Indeed, the war in Ukraine established a rather clear-cut division between the Occident and other states who forge alliances based on countering Western power. But stepping back from a dangerous dualistic narrative that would simplify the threat, FIMI actions are still prominently done by Russia. A popular example of a Russian FIMI case is the denial of the Bucha massacre, portrayed as an orchestration from Kyiv to discredit the Russian army and provide Western media with an opportunity of criticising Russia.
Following Russia, the second country where most FIMI cases come from is China. During the Covid-19 pandemic, there is evidence that Chinese state’s representatives paid influencers to relay false information, for instance. Then, there are some French-speaking countries in Africa such as Mali or Burkina Faso who specifically propagate an anti-French narrative.
Once again, the EU retaliated promptly by creating the EU vs Disinfo, affiliated with the European External Action Service (EEAS). It consists of a communication team whose daily task is to challenge these ongoing and massive disinformation campaigns. Assuming that foreign disinformation, information manipulation pose a physical threat to the EU’s Common Security and Defence Policy (CSDP) infrastructures, and undermine the EU’s integrity and retaliation, the EU vs Disinfo has published a comprehensive report on FIMI and how to best tackle it.
The report illustrates that the direct target is mainly Ukraine and Russian diplomatic channels amplify the disinformation narratives. For the large part, the 6500+ cases raised since the war in Ukraine use impersonation techniques. This means that mainstream print and TV media are copying the magazine’s style and propagate false information. The main objectives are to distract the public sphere by shifting the blame and distorting by attempting to change the framing of the issue.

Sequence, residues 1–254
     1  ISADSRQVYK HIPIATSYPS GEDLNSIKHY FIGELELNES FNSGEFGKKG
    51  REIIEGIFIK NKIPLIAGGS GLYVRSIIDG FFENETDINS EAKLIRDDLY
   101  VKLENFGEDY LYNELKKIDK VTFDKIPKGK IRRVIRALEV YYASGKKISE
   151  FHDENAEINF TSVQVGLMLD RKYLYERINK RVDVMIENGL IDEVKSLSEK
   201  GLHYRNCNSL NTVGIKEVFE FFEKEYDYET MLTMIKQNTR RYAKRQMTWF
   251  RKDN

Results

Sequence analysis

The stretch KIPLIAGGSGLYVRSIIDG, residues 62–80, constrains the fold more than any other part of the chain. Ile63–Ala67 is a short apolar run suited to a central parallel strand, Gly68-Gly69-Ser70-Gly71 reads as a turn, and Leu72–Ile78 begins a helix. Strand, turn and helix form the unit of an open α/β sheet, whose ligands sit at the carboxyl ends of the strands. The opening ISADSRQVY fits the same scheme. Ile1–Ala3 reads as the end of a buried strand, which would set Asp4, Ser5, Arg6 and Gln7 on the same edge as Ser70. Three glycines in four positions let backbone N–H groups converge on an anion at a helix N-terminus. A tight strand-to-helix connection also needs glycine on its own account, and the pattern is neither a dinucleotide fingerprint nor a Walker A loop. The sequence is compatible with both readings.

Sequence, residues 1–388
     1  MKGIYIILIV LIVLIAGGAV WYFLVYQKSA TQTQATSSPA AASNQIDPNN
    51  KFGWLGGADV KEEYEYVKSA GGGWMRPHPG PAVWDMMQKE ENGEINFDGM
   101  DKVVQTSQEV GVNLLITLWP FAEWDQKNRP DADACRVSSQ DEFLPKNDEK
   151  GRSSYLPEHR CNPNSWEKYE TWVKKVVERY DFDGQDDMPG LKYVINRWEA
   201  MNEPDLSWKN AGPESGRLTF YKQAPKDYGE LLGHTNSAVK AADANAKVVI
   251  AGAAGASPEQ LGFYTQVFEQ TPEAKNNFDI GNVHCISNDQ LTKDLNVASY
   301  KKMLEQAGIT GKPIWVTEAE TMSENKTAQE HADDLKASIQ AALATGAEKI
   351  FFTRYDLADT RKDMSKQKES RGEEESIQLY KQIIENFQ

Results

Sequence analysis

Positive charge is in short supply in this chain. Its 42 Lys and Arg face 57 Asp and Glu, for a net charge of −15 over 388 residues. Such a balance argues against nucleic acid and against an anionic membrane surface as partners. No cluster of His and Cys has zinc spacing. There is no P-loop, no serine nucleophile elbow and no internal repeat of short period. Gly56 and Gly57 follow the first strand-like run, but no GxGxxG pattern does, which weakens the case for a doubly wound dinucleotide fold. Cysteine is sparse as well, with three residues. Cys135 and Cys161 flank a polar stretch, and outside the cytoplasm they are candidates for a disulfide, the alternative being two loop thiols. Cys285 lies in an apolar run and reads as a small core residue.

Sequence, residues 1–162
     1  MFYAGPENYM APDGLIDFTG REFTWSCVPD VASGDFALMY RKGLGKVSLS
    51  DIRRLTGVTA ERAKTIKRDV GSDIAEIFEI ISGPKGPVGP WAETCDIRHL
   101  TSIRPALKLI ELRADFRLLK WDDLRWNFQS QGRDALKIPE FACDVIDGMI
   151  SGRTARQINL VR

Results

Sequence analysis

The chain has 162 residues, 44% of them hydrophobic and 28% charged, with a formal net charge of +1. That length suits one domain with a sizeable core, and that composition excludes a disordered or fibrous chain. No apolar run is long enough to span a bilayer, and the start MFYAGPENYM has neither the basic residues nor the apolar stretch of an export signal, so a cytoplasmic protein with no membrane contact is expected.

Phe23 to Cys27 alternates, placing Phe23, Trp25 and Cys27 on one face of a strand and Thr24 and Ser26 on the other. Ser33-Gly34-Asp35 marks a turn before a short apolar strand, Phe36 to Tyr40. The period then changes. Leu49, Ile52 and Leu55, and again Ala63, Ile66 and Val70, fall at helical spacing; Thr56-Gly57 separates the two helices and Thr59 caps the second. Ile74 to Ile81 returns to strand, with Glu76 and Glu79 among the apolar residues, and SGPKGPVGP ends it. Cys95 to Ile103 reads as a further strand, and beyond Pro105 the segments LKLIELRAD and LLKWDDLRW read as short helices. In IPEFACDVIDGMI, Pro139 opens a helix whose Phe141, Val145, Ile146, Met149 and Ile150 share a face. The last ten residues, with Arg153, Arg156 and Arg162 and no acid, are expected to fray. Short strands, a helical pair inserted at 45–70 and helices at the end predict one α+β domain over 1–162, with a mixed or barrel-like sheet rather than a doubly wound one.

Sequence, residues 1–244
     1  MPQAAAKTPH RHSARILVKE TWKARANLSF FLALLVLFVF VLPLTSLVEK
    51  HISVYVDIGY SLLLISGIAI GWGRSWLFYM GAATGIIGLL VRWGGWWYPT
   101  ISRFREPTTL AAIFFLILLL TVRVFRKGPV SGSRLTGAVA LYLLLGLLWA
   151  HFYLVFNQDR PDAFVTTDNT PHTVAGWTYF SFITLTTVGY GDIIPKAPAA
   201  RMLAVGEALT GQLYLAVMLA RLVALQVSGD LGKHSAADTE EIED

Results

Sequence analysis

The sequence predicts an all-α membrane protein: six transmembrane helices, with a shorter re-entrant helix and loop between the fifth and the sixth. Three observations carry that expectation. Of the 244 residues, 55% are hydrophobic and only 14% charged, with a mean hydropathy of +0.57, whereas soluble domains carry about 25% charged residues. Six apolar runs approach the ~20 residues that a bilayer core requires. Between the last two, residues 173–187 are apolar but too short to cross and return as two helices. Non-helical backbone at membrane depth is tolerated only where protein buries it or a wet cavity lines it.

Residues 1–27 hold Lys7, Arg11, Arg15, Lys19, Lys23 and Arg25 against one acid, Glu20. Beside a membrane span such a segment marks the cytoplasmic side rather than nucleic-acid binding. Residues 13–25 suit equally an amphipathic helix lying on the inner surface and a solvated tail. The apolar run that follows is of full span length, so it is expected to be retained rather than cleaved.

The immediate tool that the EEAS has at hand is to carry out in-depth analysis of cases, actors, strategies, objectives and create a database. For this, there are two task forces, one being for the Southern EU neighbourhood, and the other for the Eastern one.
Then, the second tool at hand is to deter the threat. The EU is currently developing international standards for a definition of FIMI threats, which will allow sanctions, among others. Finally, the EU, with the support of Member states and EU delegations, is engaged in public diplomacy. To put it simply, it means creating counter-narratives powerful enough to weaken the ones produced by hostile actors. It also includes raising awareness and educating the citizens to check the information provided on social media: who is the source ? When typed on the internet, is there an echo? When going to the profile of the source, does it seem legitimate? These are pressing questions that we should all think of automatically. Indeed, as we now increasingly seek information on social media, it is a fertile ground to spread fake news meant to manipulate and weaken the foundations of democracy.
In sum, if the EU is slow in negotiating a military defence union since the Russian invasion of Ukraine, this hasn’t hindered other approaches to defence being quickly developed and backed by large funding. Is this soft-tech approach to defence the most favourable path for the EU? Are cyber and hybrid attacks the minefields of the future and the EU is preparing its weapons?
[This article was first published in the issue 38 of the magazine]